My biggest beef with the camera is the flash, it's very harsh for indoor use, even when throttled down, lots of red eye (easily fixed in PS), and I get a fair amount of vignette, having the flash fire about an inch from the center point of the lens really hurts it. I'd bet this would be a problem for any P&S that has limited flash control. Take what I'm saying with a grain of salt as I'm used to much better flash control.

It's colors are a little over-saturated, not by a huge amount and it's not a horrible problem as it makes very nice looking pictures.

http://www.theajays..../a85/index.html <- just a few random shots from my A85 and a comparative photo from my DSLR (taken minutes apart, shows the differences in colors very well).


#9 of 9 OFFLINE   ChuckSolo



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Posted January 06 2005 - 05:54 PM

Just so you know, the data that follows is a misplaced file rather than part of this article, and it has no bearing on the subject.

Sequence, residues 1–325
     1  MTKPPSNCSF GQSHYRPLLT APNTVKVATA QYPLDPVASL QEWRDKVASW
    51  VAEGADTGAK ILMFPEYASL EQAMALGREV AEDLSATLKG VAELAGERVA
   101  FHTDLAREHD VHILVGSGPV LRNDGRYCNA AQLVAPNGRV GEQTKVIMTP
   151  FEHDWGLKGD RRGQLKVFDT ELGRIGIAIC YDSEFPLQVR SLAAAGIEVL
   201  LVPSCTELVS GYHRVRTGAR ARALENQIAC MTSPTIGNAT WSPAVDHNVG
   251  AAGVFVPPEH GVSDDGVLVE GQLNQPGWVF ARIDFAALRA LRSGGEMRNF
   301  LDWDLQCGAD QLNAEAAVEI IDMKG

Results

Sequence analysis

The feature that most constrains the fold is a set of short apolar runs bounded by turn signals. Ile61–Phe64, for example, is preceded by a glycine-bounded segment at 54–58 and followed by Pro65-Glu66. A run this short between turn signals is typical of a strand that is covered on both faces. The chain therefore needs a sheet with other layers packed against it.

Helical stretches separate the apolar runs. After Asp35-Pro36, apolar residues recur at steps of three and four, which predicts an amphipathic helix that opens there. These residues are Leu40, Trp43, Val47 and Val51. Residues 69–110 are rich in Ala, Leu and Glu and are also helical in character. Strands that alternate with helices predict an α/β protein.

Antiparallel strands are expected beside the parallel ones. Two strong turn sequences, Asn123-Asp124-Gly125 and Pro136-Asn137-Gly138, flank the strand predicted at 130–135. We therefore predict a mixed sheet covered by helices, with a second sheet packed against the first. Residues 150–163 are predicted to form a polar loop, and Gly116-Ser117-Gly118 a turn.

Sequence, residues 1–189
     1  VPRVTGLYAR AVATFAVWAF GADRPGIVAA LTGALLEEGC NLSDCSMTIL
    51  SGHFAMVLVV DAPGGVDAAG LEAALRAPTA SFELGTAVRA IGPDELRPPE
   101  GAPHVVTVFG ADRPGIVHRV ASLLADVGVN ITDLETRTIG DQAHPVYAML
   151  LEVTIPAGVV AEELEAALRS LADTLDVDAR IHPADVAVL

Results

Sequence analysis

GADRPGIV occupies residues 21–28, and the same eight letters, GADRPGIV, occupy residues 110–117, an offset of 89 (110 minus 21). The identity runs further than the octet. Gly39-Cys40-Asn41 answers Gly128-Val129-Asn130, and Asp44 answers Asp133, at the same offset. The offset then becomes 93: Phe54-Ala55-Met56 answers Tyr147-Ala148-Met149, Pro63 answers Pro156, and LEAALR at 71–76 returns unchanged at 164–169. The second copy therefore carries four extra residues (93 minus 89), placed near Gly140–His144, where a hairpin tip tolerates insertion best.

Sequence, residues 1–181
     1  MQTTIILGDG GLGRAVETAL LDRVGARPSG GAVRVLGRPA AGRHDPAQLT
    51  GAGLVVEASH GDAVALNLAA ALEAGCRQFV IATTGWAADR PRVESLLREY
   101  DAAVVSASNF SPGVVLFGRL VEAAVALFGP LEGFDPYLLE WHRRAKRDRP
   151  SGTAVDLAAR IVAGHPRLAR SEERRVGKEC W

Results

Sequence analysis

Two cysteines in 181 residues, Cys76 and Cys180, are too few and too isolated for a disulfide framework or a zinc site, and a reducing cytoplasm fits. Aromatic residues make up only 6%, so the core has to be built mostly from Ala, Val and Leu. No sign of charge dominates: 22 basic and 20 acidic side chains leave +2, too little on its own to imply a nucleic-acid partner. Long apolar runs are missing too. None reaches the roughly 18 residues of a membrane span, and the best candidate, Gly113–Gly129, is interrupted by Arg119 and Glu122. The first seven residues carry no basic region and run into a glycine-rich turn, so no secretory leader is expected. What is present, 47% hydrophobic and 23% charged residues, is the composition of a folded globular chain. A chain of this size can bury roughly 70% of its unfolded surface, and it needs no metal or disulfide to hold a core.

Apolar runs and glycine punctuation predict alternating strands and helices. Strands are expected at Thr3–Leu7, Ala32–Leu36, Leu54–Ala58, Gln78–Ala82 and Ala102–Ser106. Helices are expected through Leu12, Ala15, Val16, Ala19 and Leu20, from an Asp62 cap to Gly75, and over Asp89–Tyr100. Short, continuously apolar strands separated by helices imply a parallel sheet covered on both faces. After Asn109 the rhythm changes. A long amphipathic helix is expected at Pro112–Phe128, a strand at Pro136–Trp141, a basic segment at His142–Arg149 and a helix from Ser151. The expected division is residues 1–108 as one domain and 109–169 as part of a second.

Well Aric, I bought my wife a Fuji S3000 digicam for Christmas. It has a 6x optical and 3.5x digital zoom and all the doodads a photography hobbyist would like. She happens to like it a lot; her film camera is a Leica so she knows good cameras. I was really surprised at how neat this camera really is. I paid less than 300 bucks for it at Wal-Mart. But my real find this post-holiday season was my HP 635 Photosmart camera that I picked up at Circuit City for 99 bucks (brand new, not refurbished). The pictures it takes are great and it is just the ticket for casual picture taking The 3x optical zoom works well. True, it is only a 2.1 megapixel, but I doubt I would be printing pictures bigger than 8x10 anyway. I'm having a lot of fun with this camera. Price was right too since it lists at twice what I paid.Posted Image